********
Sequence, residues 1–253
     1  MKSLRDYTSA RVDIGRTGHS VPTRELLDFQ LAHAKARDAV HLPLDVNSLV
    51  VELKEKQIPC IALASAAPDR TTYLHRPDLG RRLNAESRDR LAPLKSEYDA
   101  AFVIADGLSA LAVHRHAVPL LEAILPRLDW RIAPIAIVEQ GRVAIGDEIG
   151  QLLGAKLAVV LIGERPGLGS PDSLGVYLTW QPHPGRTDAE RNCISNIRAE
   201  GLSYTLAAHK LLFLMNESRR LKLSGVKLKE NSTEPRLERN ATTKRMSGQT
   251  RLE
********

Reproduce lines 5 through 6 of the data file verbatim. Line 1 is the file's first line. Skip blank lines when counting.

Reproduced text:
   151  QLLGAKLAVV LIGERPGLGS PDSLGVYLTW QPHPGRTDAE RNCISNIRAE
   201  GLSYTLAAHK LLFLMNESRR LKLSGVKLKE NSTEPRLERN ATTKRMSGQT